Egypt's parliament postpones discussion of amendments imposing sweeping tax hikes

Gamal Essam El-Din , Tuesday 14 Dec 2021

Egypt's parliament – the House of Representatives – decided to postpone the discussion of three laws imposing sweeping tax hikes on a number of goods and services. A large number of MPs warned that the new hikes will exert financial pressure on citizens because they come at time the coronavirus is hitting their everyday life hard.

File photo: Egypt s House of Representatives

Atef Nasser, the spokesman for the parliamentary majority of Mostaqbal Watan Party, proposed that preliminary approval of the hikes be postponed and that the amendments receive serious study first before they are put up for discussion before the House again.

As a result, Parliament Speaker Hanafi Gibali decided not to put the amendments up for a preliminary vote on Tuesday. Gibali said the House's new plenary sessions will be held on 26 December.

The postponement decision came after many MPs, including those of the majority, attacked the amendments, agreeing that they could do harm than good to poor and average-income citizens.

Badr said the new tax and fee hikes are surprising and shocking because minister of finance said 10 days ago that the government does not intend to impose any new taxes in the coming period. "Does this mean that the minister is lying," said Badr.

Ayman Abul-Ela, another majority MP, said "the amendments are like honey in poison and would cause a lot of harm to the average-income class in particular."

Ahmed Farghaly, a majority MP, accused the government of pick-pocketing citizens.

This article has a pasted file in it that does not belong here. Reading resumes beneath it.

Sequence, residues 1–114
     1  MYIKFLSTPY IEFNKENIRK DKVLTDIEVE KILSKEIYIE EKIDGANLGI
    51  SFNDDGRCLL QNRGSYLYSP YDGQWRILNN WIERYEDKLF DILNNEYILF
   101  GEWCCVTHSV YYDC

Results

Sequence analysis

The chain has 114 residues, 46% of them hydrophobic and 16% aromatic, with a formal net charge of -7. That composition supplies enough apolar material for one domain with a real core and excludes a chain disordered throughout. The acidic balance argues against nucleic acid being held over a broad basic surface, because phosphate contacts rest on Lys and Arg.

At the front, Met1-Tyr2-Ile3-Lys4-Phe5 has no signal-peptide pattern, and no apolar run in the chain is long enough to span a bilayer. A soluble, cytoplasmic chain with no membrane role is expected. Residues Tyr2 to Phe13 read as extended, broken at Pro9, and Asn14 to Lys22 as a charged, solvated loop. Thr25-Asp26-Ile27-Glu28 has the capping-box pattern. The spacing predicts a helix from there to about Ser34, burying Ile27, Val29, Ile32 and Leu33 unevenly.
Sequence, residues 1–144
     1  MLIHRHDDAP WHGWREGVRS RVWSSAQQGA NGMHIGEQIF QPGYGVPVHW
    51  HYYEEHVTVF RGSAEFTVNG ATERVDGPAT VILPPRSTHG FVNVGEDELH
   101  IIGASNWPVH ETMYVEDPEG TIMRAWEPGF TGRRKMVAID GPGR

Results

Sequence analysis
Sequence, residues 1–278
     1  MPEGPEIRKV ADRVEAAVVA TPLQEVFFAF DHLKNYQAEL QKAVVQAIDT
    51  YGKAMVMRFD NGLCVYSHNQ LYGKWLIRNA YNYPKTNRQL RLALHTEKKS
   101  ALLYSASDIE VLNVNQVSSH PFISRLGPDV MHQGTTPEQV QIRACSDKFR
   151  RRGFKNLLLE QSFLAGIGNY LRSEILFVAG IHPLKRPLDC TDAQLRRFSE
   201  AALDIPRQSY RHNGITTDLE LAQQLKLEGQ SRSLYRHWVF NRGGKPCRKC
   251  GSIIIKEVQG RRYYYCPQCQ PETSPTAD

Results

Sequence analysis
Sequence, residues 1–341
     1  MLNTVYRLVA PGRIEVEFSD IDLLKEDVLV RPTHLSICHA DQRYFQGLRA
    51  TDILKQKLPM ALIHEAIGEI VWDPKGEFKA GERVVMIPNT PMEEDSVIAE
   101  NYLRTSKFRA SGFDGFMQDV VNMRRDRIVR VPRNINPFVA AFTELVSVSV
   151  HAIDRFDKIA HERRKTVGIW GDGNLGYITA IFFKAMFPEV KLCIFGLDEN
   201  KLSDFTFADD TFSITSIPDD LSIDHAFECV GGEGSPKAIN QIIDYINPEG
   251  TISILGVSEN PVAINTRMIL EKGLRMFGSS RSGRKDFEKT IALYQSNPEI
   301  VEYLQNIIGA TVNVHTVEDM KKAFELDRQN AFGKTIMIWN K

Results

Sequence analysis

The postponed amendments entailed three laws regulating the stamp tax (111/1980), the entertainment tax (74/1999), and the development fee (147/1984).

A report by the House's Budget Committee indicated that a development fee for exiting the country at airports will be increased by LE50 from LE50 to LE100, with the exception of foreigners visiting the tourist governorates of the Red Sea, South Sinai, Luxor, Aswan, and Marsa Matruh. Bus or truck drivers regularly transporting passengers and goods across Egypt's borders will be exempted from the fee.

The report also indicated that a fee will be imposed on all items purchased from duty free shops, equivalent to 3 percent of the item's value with $1.5 minimum.

The report said a 3 percent fee ($1.5 minimum) will be also imposed on every single bottle of an alcoholic drink purchased from duty free shops. Every additional bottle for personal use will be charged a higher 10 percent fee ($12 minimum).

Members of the foreign diplomatic and consular workers are exempted from this fee.

Besides, the report indicated that all kinds of finished durable goods will be subject to a 2 per cent development fee. Minister of Finance Mohamed Maait is expected to issue a decree showing a list of these goods. "Locally produced and imported soft drinks will be also subject to a development fee equivalent to 5 per cent of their values, with a LE0.25 minimum (25 piasters).

Other legislative amendments aim to impose an entertainment tax (74/1999) on entry at casinos, theatres (including the Opera House) and cinemas, and sporting clubs.

The new amendments also show that a stamp tax on most insurance premiums would be raised by 1 per cent.

Minister of Finance Mohamed Maait defended the proposed tax and fee hikes, insisting that most of the goods and services covered by these hikes are "luxury items like discotheques and ice skating and these are not used by the average income class." "Besides the hikes will be imposed on luxurious food like caviar and shrimp and I wonder "do the average class ear caviar and shrimp?"

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